ART/SNEAK PEEK : INNOCENT PHOTOS, GUILTY TEXT AT CSUN SHOW.
Byline: - Reed Johnson
To the naked eye, the little girl certainly looks happy.
We see her in typical childhood poses, mostly smiling, during play time or bath time or maybe on her birthday. The old, faded Polaroids are arrayed in clear plastic frames, swathed in thin white fabric and layered like the tiers of a wedding cake.
tr.v. jux·ta·posed, jux·ta·pos·ing, jux·ta·pos·es
To place side by side, especially for comparison or contrast. on a low column, a couple of feet away, rests a black spiral logbook with photocopies of pathology reports from the eye tissue of 14 deceased children. Most are from the Los Angeles Police Department "LAPD" and "L.A.P.D." redirect here. For other uses, see LAPD (disambiguation).
This article or section is written like an . and the county coroner's office. Names have been blacked out with heavy marker, leaving only such coolly harrowing remarks as: ``There is extensive hemorrhage in the nerve fiber layer The nerve fiber layer (or layer of nerve fibers or stratum opticum) is formed by the expansion of the fibers of the optic nerve; it is thickest near the porus opticus, gradually diminishing toward the ora serrata. and also in the bipolar cell bipolar cell
A neuron having two processes. layer. ... Child allegedly thrown against wall (five times), head first. ...''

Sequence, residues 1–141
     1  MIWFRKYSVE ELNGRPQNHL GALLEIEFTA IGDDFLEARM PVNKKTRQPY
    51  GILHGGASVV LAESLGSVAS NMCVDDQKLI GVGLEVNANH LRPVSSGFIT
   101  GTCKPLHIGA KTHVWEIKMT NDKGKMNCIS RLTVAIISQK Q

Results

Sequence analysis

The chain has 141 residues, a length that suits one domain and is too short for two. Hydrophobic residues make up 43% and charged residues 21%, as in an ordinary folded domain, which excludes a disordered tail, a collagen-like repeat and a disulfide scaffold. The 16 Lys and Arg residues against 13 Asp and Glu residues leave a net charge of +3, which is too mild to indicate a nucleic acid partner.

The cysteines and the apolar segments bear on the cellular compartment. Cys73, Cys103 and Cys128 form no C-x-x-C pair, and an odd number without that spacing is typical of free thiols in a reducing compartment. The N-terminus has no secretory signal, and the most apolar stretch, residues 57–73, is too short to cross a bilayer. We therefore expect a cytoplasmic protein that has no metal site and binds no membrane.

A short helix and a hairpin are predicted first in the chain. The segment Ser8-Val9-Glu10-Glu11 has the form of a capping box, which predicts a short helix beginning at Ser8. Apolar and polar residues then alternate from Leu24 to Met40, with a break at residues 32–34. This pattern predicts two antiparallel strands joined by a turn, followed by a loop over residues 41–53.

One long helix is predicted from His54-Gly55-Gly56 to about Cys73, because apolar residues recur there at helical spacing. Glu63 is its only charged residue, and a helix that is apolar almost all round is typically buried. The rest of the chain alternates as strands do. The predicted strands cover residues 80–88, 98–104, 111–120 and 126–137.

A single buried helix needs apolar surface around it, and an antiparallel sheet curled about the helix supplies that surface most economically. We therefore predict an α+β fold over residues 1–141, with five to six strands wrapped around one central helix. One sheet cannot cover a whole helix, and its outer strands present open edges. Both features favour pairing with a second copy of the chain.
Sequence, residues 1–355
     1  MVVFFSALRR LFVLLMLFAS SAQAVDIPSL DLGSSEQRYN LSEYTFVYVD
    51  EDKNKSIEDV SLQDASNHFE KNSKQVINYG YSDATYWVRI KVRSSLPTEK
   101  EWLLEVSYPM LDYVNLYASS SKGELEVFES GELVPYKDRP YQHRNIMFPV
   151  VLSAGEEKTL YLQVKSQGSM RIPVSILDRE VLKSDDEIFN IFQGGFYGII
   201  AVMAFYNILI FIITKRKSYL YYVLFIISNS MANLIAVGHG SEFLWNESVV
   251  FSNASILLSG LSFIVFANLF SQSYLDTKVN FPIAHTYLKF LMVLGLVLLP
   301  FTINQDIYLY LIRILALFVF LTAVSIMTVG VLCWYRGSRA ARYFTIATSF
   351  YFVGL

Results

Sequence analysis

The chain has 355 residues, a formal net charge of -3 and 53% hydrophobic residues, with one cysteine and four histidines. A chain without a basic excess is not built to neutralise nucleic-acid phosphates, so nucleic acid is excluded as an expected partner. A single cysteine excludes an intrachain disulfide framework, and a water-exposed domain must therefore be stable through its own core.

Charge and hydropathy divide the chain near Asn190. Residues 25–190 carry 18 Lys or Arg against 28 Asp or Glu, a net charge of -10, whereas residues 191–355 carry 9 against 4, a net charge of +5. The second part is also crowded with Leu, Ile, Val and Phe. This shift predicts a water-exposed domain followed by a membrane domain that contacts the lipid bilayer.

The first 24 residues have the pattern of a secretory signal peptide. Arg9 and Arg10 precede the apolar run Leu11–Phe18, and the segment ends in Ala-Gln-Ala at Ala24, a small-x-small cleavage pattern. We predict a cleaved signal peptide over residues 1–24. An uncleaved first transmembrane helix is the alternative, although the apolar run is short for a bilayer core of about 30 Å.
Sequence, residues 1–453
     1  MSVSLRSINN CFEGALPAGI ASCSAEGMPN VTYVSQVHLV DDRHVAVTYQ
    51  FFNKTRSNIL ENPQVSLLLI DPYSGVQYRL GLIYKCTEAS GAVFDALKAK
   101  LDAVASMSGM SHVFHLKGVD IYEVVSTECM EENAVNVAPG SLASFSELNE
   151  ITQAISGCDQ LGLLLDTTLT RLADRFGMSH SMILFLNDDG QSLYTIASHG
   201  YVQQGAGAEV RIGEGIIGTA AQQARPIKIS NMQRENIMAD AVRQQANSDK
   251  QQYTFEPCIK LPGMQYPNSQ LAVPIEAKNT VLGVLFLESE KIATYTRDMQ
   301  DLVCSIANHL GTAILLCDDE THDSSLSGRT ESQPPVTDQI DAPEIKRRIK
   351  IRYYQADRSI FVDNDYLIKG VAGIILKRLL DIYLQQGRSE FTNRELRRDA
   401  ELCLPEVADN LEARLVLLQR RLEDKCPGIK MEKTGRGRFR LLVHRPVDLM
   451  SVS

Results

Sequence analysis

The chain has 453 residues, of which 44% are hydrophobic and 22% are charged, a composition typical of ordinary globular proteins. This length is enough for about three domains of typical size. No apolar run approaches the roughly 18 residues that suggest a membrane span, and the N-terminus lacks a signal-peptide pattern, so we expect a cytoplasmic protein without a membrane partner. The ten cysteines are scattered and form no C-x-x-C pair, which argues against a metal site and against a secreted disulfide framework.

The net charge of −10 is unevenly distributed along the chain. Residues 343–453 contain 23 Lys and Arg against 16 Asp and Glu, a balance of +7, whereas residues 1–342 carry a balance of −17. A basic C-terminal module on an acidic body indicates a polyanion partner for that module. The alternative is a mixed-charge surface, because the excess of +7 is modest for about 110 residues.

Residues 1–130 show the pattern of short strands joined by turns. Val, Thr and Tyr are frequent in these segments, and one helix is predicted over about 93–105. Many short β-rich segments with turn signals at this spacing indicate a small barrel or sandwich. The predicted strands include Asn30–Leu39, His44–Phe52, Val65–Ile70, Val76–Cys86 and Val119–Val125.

Artist Christina Fernandez, 32, the now-grown-up girl in those innocent snapshots, can't help wondering what she was feeling at the precise moment they were taken.
And pondering Fernandez's just-opened installation, ``The Body Is an Analog'' (1997), at California State University Enrollment
Northridge's Art Dome, we wonder, too. Can we believe the hard, clinical evidence before our eyes? Or, like the camera that took the photos, are our eyes merely an unthinking apparatus that registers fleeting impressions, which may have no basis in reality? Which is to be trusted: the reassuring photos or the grim textual evidence of the reports?
``I think what's most difficult about looking at these photographs, for me, is looking at these pristine, formal portraits of me that show such a sweet, quiet child that has developed into this very vocal, not always sweet woman - the way we're made to conform to these images,'' says the L.A.-born and -bred artist.
Rather than a window into her own childhood, Fernandez says the installation is intended as a metaphorical exploration of different kinds of perception.
So was her childhood indeed as happy as it looks?
``I don't have a very good memory of that time,'' Fernandez replies matter-of-factly. ``It may have been.''
In this age of air-brushed fashion spreads, computerized image-doctoring and Oliver Stone movies, few people are naive enough to swear that seeing is believing Seeing is believing is an idiom first recorded in this form in 1639 that means "only physical or concrete evidence is convincing".
Seeing is Believing may refer to:
Oddly, though, our perceptions may have become less, not more, reliable as amazing new visual technologies burst into existence. Software designers and MTV MTV